The real problem here is not piracy or intellectual property, but the fact that the job of a writer is changing. It's going back to what it used to be - which for some people is better than others.
The thing is, historically, being a writer was not a "job" but an entrepreneurial endeavor. Heck MOST professions were. That was what made the difference between a "profession" and a "job." You have to have more skills than just the central ones.
Publishing, for a short time, turned it into something more like a job, but it was a really sweet deal for the publishers. They did all the business end of the deal, but it was in their interests to pick and choose more, and to get fewer title out to a wider audience. But it was still a pretty good system for writers.
But then in the seventies, there was the Thor Power Tools tax ruling, and that changed publishing forever. No longer could publishers invest in large print runs (thus investing in midlist authors) to sell over many years. Instead they had to print as they went - which not only raised the cost phenomenally but it also put all the power in the hands of the big distributors.
Big distributors have no interest in either pleasing the customer or nurturing literature. They only want two things - predictable best sellers, and a lot of unproven cannon fodder that will push the consumer toward those best sellers. That's why there is so much "churn" in publishing over the past few years. Certain big name bookstore/distributors had a policy - they wouldn't order books by authors who hadn't hit best seller status in three or four books.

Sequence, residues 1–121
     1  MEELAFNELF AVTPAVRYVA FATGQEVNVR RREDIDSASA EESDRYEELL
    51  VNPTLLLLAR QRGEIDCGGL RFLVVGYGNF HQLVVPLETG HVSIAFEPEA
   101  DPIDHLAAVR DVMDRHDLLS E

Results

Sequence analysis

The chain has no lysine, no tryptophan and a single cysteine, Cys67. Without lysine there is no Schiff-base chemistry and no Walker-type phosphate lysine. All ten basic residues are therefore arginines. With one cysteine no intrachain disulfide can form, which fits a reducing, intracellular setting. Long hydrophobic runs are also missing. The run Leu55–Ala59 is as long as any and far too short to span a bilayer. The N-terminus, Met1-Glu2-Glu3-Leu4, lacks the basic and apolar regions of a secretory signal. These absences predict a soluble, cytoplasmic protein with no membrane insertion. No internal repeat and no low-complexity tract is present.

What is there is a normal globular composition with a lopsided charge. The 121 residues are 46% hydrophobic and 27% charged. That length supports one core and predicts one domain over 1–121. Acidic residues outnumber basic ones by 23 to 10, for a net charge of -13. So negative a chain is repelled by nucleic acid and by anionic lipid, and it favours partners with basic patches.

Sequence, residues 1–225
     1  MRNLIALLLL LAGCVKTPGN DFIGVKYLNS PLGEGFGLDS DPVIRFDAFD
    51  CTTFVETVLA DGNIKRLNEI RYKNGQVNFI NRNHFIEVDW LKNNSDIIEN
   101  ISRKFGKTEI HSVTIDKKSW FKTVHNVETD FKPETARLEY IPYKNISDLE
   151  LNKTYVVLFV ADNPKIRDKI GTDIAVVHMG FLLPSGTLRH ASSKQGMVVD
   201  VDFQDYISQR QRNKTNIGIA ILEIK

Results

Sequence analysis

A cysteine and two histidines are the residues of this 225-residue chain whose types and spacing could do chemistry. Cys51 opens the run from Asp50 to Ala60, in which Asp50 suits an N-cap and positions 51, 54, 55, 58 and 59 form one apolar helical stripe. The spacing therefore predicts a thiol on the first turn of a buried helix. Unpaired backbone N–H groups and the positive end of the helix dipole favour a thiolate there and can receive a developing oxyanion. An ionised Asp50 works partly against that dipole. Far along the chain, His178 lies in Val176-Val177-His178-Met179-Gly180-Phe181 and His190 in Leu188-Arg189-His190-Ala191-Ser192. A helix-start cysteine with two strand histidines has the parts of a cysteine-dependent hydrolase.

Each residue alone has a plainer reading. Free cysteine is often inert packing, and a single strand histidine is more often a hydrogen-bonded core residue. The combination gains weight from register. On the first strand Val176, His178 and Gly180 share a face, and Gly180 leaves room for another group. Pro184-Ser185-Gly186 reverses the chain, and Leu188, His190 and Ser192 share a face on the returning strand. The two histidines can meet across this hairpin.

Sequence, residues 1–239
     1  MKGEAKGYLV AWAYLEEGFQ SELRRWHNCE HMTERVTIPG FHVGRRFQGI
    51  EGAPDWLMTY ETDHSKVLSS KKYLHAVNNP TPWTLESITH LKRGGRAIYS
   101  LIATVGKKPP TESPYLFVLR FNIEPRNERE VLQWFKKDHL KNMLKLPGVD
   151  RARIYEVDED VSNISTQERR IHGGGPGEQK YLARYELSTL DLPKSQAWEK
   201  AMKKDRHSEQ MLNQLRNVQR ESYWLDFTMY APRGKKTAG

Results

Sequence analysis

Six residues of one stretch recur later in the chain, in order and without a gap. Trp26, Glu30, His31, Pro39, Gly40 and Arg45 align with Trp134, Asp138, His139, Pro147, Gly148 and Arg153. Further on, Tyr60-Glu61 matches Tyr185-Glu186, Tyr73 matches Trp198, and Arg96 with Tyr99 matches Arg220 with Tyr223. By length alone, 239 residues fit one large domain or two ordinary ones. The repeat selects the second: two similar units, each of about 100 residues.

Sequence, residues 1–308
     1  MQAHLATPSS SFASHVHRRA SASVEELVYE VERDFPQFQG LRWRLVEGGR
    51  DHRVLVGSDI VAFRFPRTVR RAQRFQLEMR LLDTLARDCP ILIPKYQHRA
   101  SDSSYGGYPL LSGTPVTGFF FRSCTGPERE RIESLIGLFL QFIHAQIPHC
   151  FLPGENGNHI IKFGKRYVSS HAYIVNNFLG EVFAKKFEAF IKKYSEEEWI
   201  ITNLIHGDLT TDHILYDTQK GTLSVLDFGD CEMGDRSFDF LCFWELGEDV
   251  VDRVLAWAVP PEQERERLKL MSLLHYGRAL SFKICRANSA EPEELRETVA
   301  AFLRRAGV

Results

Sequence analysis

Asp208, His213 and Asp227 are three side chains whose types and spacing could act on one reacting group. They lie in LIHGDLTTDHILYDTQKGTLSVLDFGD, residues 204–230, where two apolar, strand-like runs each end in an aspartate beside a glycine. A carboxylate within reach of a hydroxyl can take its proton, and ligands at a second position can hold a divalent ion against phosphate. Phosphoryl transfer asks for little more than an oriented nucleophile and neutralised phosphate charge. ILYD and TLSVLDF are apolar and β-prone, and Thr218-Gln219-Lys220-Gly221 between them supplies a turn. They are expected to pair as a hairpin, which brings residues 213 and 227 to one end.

Amazon, of course, changed this. But before Amazon really hit it big, it was common for authors and publishers to change pen names every three books just to keep careers going.
That meant that nobody could build a career. It was devastating. Before that, midlist authors could make a living - your average author. After that, you simply couldn't.
THAT'S what killed things for authors. That's what makes it so hard. And that's what's changing with the advent of ebooks - and the new agency models that Apple and Amazon are using. Authors can go back to making a living - smaller audience, but better returns at lower prices, and a chance to really build a career.
But it requires a whole different mindset and skill set. A lot of authors will continue to hurt - but frankly they already were. It will just be for different reasons. Some will be worse off for a while, more will be better off.